Abstract: Although there have been a multitude of studies interrogating the predictors of voter turnout, the majority of them focus on political factors such as affiliation, income, and race. However, no previous literature has considered the impact that neuroanatomical structures have on voter behavior. In fact, there has been no previous interrogation of political science questions using volumes of neuroanatomical structures. This thesis thus interrogates how brain volume interacts with sleep quality to predict patience, and subsequently, how patience predicts voter turnout. I hypothesize that decreased sleep quality reduces patience. Additionally, I predict that this effect is more severe among individuals with smaller brain structures. Patience and validated voter turnout are provided by the Cooperative Congressional Election Study. Sleep quality, patience and brain volume are provided by the Human Connectome Project. Results confirm my hypothesis and show the following: (1) increased patience predicts increased voter turnout and (2) reduced sleep quality reduces patience, and this relationship is exaggerated in individuals with lower brain volumes. The implications of this research range from public policy suggestions focusing on neuroanatomical health to ethical questions considering that neuroanatomical qualities can reliably and individually be targeted to produce political behavior.
Isabel Slavinsky, “I’ve Never Met a Jew Before”: An Exploration of Antisemitism and Geography in the U.S.
Abstract: With recent instances of violent antisemitism such as the shooting at the Tree of Life Synagogue in Pittsburgh, new approaches to antisemitism are necessary. This senior thesis explores the relationship between antisemitism in the United States and where Jewish individuals live, addressing whether living near Jewish individuals impacts the formation of antisemitic attitudes. This work is situated in broader literature which evaluates the impact of intergroup contact on prejudicial attitudes and behaviors, but which is infrequently applied to antisemitism. Combining datasets from multiple sources to derive previously-unexplored insights, this thesis uses regression analysis to explore how this association may vary depending on how antisemitism is measured. It finds that while antisemitic vandalism, harassment, and assault are positively correlated with a larger proportion Jewish of an area, antisemitic Google searches are negatively correlated with the proportion Jewish of an area. I argue that these relationships demonstrate different types of antisemitism — one stemming from a dislike of individuals who are visibly different and another based in a willingness to ascribe stereotypes to an unknown group. While these types of antisemitism are interconnected, this thesis provides evidence that a single monolithic approach will not be effective at combating antisemitism in the United States.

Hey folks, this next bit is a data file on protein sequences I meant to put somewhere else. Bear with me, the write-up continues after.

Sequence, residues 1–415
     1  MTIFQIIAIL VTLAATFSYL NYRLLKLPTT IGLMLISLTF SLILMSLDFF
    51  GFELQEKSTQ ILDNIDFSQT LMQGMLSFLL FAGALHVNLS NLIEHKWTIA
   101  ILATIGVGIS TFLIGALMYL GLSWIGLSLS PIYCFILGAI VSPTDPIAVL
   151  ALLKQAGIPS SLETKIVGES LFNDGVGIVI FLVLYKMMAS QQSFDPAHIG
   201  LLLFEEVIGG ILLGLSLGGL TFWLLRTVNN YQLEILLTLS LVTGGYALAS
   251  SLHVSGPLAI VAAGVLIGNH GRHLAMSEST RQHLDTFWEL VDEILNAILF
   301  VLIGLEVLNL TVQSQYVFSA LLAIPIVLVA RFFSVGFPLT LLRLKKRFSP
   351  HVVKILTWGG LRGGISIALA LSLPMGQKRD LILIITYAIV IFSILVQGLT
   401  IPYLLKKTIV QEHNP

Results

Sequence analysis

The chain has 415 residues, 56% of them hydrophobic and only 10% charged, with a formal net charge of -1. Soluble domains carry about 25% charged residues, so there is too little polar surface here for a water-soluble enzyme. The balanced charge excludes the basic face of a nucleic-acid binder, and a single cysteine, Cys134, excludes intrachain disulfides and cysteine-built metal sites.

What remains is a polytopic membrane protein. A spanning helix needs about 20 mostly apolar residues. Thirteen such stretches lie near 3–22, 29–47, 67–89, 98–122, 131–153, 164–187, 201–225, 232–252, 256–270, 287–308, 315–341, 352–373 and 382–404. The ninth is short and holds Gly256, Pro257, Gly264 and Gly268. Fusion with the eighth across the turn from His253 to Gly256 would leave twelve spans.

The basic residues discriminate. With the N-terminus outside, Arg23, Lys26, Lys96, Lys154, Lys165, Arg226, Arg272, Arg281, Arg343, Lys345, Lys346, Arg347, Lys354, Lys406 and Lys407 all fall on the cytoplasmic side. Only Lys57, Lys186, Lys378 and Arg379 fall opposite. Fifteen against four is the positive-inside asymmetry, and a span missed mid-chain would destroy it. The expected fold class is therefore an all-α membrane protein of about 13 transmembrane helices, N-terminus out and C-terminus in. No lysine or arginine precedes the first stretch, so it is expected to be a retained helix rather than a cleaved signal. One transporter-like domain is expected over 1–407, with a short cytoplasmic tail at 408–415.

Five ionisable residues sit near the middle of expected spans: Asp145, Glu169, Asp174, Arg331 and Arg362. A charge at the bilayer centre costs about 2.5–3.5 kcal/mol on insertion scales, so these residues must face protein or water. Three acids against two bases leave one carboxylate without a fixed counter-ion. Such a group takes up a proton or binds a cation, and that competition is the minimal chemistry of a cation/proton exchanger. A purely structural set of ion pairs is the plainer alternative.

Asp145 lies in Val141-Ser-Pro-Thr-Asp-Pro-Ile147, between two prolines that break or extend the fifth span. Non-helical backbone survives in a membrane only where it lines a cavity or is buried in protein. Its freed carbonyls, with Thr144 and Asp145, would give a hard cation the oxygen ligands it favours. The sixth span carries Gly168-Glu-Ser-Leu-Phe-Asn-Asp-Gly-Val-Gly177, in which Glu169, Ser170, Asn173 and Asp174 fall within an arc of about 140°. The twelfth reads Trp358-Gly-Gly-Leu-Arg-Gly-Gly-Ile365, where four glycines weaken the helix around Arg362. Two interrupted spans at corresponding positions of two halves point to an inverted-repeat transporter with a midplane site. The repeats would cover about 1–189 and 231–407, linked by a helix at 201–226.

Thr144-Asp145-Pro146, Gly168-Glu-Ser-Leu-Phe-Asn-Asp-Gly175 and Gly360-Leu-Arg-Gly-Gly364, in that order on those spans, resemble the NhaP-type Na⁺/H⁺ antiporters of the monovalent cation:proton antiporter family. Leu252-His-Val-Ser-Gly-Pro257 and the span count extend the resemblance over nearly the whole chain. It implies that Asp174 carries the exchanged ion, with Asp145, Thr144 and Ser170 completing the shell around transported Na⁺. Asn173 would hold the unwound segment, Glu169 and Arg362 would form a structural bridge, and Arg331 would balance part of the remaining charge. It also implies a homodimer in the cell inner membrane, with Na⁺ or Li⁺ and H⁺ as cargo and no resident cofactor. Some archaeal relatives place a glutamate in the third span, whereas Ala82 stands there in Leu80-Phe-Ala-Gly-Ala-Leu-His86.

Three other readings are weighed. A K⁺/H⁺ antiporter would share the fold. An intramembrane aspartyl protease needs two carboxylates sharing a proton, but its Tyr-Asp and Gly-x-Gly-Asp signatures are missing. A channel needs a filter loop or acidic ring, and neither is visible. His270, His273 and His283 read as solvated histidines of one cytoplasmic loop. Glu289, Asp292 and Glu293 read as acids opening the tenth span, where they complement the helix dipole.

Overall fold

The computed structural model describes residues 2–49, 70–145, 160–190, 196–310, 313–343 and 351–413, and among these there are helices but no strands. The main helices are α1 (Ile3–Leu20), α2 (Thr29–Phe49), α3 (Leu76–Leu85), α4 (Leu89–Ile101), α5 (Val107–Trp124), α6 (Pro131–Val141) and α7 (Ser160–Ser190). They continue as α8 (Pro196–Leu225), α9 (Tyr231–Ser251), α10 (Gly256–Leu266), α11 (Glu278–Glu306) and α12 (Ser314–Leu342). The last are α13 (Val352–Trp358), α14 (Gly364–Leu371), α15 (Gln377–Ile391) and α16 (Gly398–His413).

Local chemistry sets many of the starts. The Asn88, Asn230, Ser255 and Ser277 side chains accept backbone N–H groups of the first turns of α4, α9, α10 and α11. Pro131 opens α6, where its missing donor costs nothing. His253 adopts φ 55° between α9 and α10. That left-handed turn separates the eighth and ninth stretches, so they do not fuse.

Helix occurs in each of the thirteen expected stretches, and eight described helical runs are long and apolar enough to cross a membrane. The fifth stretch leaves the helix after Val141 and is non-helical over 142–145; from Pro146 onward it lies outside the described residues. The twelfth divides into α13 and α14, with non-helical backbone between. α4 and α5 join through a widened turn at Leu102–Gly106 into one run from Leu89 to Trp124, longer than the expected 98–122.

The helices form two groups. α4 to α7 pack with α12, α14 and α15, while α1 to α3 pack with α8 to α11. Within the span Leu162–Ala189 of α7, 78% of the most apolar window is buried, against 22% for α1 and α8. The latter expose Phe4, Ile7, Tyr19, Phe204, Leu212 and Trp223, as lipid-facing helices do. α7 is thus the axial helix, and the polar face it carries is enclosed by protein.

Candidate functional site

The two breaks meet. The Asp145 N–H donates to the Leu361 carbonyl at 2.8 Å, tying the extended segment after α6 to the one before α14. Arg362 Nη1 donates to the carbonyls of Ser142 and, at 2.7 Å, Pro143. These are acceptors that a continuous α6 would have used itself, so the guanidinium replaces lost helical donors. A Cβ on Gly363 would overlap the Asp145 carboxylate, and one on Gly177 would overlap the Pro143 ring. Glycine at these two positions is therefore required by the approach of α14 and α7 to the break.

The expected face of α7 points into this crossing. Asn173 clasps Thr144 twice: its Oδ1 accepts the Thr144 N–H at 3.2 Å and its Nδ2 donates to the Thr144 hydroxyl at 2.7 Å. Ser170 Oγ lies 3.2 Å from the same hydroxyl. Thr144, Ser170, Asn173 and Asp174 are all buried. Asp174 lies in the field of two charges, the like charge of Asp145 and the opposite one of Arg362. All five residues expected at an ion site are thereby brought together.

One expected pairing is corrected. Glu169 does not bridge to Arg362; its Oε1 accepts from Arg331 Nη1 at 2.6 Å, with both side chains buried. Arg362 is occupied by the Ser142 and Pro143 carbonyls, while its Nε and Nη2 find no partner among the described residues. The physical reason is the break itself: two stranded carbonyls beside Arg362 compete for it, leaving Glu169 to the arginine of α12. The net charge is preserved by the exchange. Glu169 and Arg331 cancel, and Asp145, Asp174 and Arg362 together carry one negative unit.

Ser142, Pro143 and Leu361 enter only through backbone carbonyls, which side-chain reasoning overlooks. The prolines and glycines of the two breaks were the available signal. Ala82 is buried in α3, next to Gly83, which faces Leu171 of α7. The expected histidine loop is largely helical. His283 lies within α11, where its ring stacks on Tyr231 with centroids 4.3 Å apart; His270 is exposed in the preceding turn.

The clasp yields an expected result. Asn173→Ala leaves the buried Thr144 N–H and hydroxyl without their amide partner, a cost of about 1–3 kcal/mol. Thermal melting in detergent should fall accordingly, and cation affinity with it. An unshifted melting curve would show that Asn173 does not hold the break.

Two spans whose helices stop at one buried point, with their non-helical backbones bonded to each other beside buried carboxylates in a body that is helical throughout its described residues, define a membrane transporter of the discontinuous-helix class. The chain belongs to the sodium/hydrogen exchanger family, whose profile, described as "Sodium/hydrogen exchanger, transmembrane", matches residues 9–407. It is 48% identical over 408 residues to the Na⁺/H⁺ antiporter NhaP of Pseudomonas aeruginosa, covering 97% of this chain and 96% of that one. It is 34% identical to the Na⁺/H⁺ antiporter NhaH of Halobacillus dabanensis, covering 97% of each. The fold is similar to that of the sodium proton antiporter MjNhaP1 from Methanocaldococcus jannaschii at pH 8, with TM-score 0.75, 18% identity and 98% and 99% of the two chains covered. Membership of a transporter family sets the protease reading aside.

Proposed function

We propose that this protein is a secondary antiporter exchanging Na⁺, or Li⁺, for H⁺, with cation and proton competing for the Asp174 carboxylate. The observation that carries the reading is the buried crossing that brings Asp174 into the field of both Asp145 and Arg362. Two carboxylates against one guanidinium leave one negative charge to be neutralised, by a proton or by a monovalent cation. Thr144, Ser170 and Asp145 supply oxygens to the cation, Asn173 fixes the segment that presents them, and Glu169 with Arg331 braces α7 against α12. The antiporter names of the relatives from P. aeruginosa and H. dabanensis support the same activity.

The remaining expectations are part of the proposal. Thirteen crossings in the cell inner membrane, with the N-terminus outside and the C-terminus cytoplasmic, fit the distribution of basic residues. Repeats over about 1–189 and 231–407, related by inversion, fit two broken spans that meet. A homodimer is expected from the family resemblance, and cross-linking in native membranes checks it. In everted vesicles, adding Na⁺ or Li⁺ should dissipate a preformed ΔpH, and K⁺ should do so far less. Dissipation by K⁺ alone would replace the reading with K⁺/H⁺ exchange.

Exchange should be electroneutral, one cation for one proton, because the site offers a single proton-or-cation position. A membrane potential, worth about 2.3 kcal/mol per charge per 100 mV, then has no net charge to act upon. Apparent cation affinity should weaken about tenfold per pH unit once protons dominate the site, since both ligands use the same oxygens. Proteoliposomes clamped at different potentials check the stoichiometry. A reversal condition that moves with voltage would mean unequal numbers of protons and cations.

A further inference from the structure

Selena Zhao, Understanding The Elite-Mass Divergence in Sectarianism: A Case Study of Northern Ireland
Abstract: My thesis seeks to understand the conditions under which politicians can successfully mobilize support along ethno-religious divisions. According to political science and social psychology theories, reconciliation following ethno-religious conflict is extremely difficult because when sectarian identity has been mobilized by the political elite, in-group solidarity and out-group hostility increase at the mass level, perpetuating conflict—as in Lebanon or Bosnia and Herzegovina. However, in Northern Ireland, I find that while politicians continue to mobilize support along the main ethno-religious divide (Protestant-Catholic), societal divisions are lessening. In fact, a third identity, Northern Irish, is emerging. The divergence between enduring elite sectarianism and lessening mass sectarianism has not been observed elsewhere and is theoretically surprising because mass and elite sectarianism have not been conceptualized as distinct in existing literature. My thesis first demonstrates this empirical divergence through elite interviews, public opinion survey data, and archival research. Then, it argues that when government performance and thus political trust is sufficiently poor, politically-molded identities weaken—providing a potential pathway to societal reconciliation. Thus, the argument pushes for the re-conceptualization of elite and mass sectarianism as independent. Furthermore, using Northern Ireland as a case study, we can understand what conditions foster post-conflict reconciliation.